- You’re an author of comics as well as novels, who would you say are your primary influences in each form?
Too many to name. I devour books and comics. It's easier to track my comics influences. The Hernandez Brothers of Love and Rockets fame, in terms of both storytelling and art. Matt Wagner, creator of Mage: The Hero Discovered and Grendel. Scott McCloud on Zot, before he did Understanding Comics. Elfquest. Nexus. I've been going back and really looking at Dan DeCarlo and Harry Lucie, famous Archie Comics artists and both big influences on the Hernandez Brothers. Those are the ones that I can trace specific influences to, but really, I learned to read from comics. My entire sense of storytelling and heroic fiction can be traced to Marvel and DC in the 60's and 70's, so all of those creators. In writing... Everything. Stephen King, in terms of genre, certainly. Charles DeLint. Jonathan Carroll. Hermann Hesse.
- What was the moment in your life where you knew that you were going to write?
I've always known, on some level, that I wanted to be a storyteller. My earliest form of play was pretend in the effort to tell stories. My action figures were actors in stories of my own creation far more often than they were the characters they were marketed as. My nephew and I (he's the same age as me), used to spend hours playing in the woods, and it was always about playing out an entire narrative. We were “making movies.” It was improvisational theater. We would create characters and play out an entire story in the course of a Saturday afternoon. I always had a notebook full of drawings and notes for stories. When I was fifteen I wrote a typed, single-spaced 90-plus page “Men's Adventure” novel, full of sex and violence (neither of which I had any experience with at the time. No, you can't read it). But it was a full story, with a plot and lots of characters. I spent a lot of years trying to find my voice, more than a lot of authors, it seems.
- Scratch, along with This Creature Fair, and Bedivere Book One: The King’s Right Hand are all available as e-books. What do you see as the future of print publishing, and what do you perceive as the advantages of the e-book in terms of the current marketplace?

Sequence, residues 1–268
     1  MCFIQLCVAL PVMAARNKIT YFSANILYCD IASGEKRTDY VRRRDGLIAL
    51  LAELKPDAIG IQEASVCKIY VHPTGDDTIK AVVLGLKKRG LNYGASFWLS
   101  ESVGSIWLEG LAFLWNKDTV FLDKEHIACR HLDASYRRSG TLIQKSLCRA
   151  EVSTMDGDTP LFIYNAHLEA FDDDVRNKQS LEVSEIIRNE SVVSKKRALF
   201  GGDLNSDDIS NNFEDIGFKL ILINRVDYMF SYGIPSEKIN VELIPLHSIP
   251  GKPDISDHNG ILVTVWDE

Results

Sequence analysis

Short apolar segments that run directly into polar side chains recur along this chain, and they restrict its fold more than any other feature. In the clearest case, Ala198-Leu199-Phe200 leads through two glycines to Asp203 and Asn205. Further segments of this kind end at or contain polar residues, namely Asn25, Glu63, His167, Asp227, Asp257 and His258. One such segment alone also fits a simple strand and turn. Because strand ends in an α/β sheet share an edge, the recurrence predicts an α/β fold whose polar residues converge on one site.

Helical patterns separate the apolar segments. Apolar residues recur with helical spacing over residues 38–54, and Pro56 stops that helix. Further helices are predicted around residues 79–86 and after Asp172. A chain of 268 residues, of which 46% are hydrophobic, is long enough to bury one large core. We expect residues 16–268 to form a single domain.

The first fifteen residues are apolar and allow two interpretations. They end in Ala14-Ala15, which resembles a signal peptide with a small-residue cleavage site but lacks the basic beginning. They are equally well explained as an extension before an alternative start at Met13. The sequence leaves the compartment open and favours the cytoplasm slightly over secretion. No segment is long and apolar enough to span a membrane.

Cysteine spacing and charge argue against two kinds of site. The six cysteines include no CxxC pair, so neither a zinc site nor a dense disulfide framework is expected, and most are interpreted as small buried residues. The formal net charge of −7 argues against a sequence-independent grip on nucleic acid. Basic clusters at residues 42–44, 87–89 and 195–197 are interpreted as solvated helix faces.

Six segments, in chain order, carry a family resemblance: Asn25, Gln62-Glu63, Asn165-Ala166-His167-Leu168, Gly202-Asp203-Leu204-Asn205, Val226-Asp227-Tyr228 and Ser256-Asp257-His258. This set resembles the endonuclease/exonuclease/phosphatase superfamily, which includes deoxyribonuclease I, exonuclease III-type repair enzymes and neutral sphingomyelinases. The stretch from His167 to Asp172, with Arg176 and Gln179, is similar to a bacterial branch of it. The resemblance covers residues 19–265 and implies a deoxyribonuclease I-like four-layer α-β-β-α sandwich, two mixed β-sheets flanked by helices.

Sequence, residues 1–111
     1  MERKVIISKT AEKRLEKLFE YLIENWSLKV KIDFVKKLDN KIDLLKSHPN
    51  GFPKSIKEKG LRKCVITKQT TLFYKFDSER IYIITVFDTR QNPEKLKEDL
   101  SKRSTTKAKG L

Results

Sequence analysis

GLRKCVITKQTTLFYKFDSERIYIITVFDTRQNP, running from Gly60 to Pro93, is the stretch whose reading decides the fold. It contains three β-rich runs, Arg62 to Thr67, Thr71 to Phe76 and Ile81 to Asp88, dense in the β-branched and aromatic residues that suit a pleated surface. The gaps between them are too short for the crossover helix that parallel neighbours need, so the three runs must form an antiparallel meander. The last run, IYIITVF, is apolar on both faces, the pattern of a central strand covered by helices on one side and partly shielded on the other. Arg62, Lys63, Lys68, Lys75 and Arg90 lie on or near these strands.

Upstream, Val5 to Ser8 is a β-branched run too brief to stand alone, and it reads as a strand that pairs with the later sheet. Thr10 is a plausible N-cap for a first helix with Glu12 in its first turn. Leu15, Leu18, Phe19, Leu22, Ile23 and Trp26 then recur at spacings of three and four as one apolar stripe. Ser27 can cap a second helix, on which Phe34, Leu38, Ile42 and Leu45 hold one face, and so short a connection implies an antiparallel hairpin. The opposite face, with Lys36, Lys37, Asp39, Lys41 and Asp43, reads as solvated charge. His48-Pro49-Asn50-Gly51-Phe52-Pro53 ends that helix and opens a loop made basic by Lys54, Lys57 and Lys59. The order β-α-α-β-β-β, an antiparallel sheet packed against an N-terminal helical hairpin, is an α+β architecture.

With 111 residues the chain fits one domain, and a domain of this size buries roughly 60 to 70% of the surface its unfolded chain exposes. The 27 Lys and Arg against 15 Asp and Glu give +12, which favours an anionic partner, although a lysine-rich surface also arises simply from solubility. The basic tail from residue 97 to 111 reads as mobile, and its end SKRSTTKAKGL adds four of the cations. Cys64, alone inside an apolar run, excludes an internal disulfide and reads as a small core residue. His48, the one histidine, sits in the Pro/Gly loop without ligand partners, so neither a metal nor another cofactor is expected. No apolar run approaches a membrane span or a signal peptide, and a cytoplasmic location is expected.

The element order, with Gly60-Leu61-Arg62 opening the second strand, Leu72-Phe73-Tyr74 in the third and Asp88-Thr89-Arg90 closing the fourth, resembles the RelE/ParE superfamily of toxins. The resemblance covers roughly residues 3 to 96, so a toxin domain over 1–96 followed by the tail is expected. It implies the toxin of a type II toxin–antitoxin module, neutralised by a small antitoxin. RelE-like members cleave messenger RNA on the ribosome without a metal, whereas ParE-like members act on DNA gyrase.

I love books. Physical books. I love the way they feel, the way they smell, the experience of reading them. I hope print books never go away entirely, and I don't really see that happening. I have mixed feelings about the ebook revolution. As a creator the terms for me are very good. I have control over the product. It succeeds or fails on its own merits. My royalty on a $2.99 ebook is better than my royalty on the $21.95 trade paperback edition of the novel I had published through a more traditional publisher several years ago. Online booksellers have killed a lot of brick and mortar stores, and as there are less and less of them traditional publishers are getting more and more conservative with what they will publish. They aren't taking as many chances with new authors. Thanks to Print-On-Demand technologies there are more small publishers than ever, but they don't really have much to offer in terms of royalties or advertising or getting your book in the stores. Self-publishing has always been looked down on in in the book industry, but I come from the world of comic books where it is an ideal to aspire to. It's a completely different mindset. Epublishing is DIY, utilizing digital technology. I wrote it, designed the covers, found artists to realize them for me, found editors, formatted it, promoted it... I am the business. I own the rights. A far as the future goes, it's hard to say. I hope books stay in print. Through a program affiliated with Amazon I will soon be making my three novels available in print editions, and while they will cost more than the ebooks, it's still a good deal for me, and I still own the rights. Sales on ebooks are up across the board while sales on regular books are down. I think the cheaper price of ebooks can have the effect of people actually buying and reading more. They say don't judge a book by it's cover. Don't judge a book by it's format. The story and ideas are the same whether it's on paper or on an ereader. Judge the content, not the method of delivery. The technology is out there, it's not going away. Mp3's changed the music industry but they didn't kill music.
- One of the major criticisms of the horror genre as a whole (as well as in DC’s “New 52”) is the gender roles of women. How would you characterize the sexualization/victim cycles present in the genre as well as in Scratch?